Amherst town and school officials might be able to save "hundreds of thousands of tax dollars" if they would start working together to fulfill mutual needs, William L. Kindel, Republican candidate for Amherst supervisor, said Monday.
For example, accountants say the processing of a single purchase order costs about $50, yet the town and Sweet Home, Williamsville and Amherst school districts each has its own purchasing and payment processing system, Kindel said.
"By coordinating efforts, perhaps we can work together, place one order (for certain goods) and save thousands of dollars a year," he said in a campaign statement.
Kindel said he has written the three school superintendents to see if they are interested in exploring some form of collaboration.
"At the core of the concept is the expensive reality that there are many areas of duplicated services and expenses with three separate school districts and the town," he said.
"This will no doubt require a lot of investigation and, perhaps, some modification of state laws. More importantly, it will require a tremendous amount of cooperation between our school districts and the Town of Amherst," the candidate said.
Meanwhile, Daniel J. Ward, a Democrat running for the Town Board, proposed legislation to protect from development forever the northern 500 acres of a planned 1,260-acre nature preserve in northwestern Amherst. Legal safeguards already protect the southern 750 acres.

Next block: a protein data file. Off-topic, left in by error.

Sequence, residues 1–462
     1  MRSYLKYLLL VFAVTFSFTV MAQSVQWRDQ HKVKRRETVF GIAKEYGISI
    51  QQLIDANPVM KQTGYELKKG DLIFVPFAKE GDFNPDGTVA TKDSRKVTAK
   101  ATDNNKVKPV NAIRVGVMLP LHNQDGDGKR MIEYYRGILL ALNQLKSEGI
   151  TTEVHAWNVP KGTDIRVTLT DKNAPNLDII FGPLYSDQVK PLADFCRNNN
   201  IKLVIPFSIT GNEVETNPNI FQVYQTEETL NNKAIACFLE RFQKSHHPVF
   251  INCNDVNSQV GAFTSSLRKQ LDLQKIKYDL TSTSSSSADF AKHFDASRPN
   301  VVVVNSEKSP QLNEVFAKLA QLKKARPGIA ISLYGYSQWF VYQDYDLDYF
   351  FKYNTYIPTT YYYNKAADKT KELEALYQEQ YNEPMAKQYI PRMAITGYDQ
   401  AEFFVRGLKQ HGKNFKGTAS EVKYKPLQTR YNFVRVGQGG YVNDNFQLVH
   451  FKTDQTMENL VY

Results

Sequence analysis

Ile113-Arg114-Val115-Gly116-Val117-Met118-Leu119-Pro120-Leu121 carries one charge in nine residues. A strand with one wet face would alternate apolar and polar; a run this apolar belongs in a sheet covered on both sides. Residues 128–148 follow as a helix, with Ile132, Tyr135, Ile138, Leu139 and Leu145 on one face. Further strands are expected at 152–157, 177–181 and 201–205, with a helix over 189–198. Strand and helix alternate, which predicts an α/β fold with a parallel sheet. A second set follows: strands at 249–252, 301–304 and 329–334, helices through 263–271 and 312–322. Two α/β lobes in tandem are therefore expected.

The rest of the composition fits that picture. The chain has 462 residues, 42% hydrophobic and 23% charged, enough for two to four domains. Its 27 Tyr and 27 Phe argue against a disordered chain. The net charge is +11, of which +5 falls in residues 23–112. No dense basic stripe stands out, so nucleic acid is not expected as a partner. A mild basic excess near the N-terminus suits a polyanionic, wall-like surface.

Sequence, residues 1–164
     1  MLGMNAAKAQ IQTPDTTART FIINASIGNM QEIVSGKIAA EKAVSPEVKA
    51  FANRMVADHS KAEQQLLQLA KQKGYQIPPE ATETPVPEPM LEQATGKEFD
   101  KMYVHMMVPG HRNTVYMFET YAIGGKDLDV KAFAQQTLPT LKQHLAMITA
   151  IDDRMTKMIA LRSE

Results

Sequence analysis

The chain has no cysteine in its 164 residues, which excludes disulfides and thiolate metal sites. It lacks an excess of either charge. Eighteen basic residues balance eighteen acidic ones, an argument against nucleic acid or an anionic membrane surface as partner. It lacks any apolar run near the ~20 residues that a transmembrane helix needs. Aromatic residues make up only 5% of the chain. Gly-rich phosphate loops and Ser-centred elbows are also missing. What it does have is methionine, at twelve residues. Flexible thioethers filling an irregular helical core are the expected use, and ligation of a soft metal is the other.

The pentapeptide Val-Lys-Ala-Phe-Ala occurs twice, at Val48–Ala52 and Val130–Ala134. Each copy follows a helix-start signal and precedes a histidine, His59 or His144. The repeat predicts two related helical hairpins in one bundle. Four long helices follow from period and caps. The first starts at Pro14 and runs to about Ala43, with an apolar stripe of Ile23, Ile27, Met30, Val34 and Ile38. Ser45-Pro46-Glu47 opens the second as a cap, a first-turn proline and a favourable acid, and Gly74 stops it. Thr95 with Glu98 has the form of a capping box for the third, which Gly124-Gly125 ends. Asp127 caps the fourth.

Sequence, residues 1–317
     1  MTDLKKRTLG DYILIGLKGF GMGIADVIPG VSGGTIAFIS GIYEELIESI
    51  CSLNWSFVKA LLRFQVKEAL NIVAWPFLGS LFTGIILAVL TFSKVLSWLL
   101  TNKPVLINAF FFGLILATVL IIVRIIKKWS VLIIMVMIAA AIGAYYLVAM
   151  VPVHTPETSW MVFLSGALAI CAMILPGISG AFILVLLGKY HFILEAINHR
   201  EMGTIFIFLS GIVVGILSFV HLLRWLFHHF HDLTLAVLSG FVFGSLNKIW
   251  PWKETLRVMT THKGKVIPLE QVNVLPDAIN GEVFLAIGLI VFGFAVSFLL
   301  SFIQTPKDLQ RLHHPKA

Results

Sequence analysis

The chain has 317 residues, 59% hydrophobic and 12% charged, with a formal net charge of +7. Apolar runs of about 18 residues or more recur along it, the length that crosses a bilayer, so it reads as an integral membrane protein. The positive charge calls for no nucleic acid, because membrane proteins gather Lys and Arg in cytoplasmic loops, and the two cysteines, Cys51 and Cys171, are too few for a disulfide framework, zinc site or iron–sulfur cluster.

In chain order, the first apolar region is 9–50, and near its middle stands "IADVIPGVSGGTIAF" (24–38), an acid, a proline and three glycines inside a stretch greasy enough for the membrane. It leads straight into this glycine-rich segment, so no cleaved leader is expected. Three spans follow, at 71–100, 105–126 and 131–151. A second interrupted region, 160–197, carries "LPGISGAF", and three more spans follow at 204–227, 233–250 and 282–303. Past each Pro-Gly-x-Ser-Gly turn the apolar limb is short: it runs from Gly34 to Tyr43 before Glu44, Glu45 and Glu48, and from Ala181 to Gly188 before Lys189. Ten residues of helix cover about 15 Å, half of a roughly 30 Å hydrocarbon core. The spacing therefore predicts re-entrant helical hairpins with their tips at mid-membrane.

Ward is an attorney who served as town supervisor from 1990 to 1994.
"This (local law) is being proposed now in response to the overwhelming public demand to preserve this parcel for passive, recreational use. It would give the town a firm legal basis for enforcing the obvious will of the people," Ward said.
Ward said the proposed law is modeled in some ways after laws establishing a "forever wild" Adirondack Mountains forest preserve, strictly regulating the parcel's use and preventing activities such as cutting trees or spoiling wetlands.
Referring to town officials' public statements in favor of the new nature preserve, Ward said: "Talk is cheap about saving our forest lands and wetlands. If you are going to talk the talk, you should be prepared to walk the walk, and that means more than just walking around this wonderful parcel and somehow hoping it is preserved."